BMW 7 Series Doesn’t Have To Beat The S Class

7-series | June 16th, 2015 by 39
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With the recent release of information about the new BMW 7 Series, there have been countless comparisons to the Mercedes S-Class. It’s the easiest and …

With the recent release of information about the new BMW 7 Series, there have been countless comparisons to the Mercedes S-Class. It’s the easiest and most common comparison to make. Most of the feedback I’ve seen across the internet has been siding more toward the S Class, claiming it to be the more luxurious seeming of the two. And to be honest, I’ve had a hard time disagreeing with them. I want the 7er to be the better car, but as a luxury car, I have a hard time believing it. But that’s when it dawned on me, the 7 Series main competition might not be the S-Class at all.

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Much like with the current 3 Series vs C-Class comparisons, the 7 Series and S-Class are two cars in the same segment, but with different objectives. The S-Class is designed to coddle, to create a luxury environment like no other. It’s meant to be serene and quiet, using chassis technology to make driving quickly less apparent to the rear passengers. The 7 Series seems to have quite a different scope.

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It does have a similar desire to make the rear passengers feel like royalty, but in a less serene manner. The rear of the 7er isn’t meant to feel like gentlemen’s cigar lounge, like the S-Class. The rear of the 7 Series is meant to feel like a high-tech private jet. Also, the chassis and powertrain technology are meant to motivate the driver of the 7 Series to actually want to drive hard. Very much unlike the S-Class.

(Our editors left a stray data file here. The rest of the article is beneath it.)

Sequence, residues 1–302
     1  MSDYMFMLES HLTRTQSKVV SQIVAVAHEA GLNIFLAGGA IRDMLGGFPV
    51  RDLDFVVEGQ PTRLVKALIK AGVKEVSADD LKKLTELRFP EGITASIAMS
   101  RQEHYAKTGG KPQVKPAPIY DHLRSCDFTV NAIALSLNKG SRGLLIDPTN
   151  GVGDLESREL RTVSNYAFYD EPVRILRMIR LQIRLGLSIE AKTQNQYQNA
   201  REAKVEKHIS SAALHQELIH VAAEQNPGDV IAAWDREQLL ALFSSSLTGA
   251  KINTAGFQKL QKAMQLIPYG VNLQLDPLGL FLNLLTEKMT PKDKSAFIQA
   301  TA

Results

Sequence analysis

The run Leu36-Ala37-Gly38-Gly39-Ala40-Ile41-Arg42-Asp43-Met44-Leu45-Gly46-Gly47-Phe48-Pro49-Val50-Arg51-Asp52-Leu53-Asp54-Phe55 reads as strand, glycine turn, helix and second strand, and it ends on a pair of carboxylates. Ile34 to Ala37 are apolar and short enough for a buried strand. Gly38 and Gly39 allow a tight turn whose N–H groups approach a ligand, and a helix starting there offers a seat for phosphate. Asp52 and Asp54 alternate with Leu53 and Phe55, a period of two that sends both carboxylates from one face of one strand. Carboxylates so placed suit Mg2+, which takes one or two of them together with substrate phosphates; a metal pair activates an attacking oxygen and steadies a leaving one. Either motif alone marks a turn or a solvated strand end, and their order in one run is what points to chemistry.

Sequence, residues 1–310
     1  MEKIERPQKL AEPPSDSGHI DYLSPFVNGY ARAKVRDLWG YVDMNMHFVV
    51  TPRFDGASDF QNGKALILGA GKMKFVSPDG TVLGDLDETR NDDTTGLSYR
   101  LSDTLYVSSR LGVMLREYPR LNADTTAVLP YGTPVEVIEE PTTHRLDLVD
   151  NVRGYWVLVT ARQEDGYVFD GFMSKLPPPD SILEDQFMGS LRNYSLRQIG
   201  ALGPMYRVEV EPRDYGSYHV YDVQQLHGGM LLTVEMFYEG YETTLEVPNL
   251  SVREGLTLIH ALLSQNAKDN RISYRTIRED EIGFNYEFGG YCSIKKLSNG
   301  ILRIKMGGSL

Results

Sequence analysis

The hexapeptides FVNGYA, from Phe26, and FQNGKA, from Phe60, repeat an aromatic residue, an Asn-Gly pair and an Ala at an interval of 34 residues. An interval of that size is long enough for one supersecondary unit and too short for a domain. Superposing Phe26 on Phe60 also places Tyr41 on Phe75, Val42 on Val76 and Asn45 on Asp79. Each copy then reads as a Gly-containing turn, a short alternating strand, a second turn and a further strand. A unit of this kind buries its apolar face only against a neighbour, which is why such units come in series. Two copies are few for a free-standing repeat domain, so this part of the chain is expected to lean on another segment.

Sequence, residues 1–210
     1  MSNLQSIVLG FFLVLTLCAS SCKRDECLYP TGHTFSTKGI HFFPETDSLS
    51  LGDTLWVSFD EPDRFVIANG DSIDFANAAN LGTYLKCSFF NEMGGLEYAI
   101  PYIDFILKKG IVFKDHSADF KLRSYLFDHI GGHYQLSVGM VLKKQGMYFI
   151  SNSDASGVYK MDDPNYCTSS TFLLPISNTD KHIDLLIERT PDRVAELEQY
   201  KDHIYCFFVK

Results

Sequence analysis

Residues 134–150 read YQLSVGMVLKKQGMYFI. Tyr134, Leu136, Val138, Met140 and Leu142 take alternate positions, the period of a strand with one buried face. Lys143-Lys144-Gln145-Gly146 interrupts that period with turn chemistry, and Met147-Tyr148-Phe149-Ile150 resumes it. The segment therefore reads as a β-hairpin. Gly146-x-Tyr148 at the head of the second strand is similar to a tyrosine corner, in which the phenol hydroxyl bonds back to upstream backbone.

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I actually think that the BMW 7 Series’ main competitor might be the Audi A8. Both are cars that have more technology than luxury, in comparison to the S-Class. Both are more about driving dynamics and power than just coddling passengers in the rear seats. Both the 7er and A8 are flagships, not only in luxury but technology, displaying the best of what each company can do. Even the Jaguar XJ, in my opinion, is a more suitable opponent for the 7 Series, as driving dynamics are its main entree. The one thing these cars seem to have in common, more so than the big ‘Benz, is that they’re more about being driven than being driven in.

Related: BMW 7 Series vs. Audi A8 vs. Mercedes-Benz S-Class

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So I think much of this 7 Series vs S-Class is a bit misguided. Obviously, both are the two biggest selling luxury cars of all time, so they will naturally be compared. But I think that their scope has changed recently, with Mercedes looking to plant its flag in its luxury roots and BMW looking to expand on its technological and performance prowess. Neither approach is better or worse, in my opinion, just different.

The S Class is more for people who like to get from A to B as quietly and comfortably as possible. The 7 Series is also designed to make the trip comfortable, but it wants to add some excitement along the way. The S Class makes the journey unobtrusive, so that you may arrive at your destination unperturbed. The 7 Series is designed to make the journey better than the destination.

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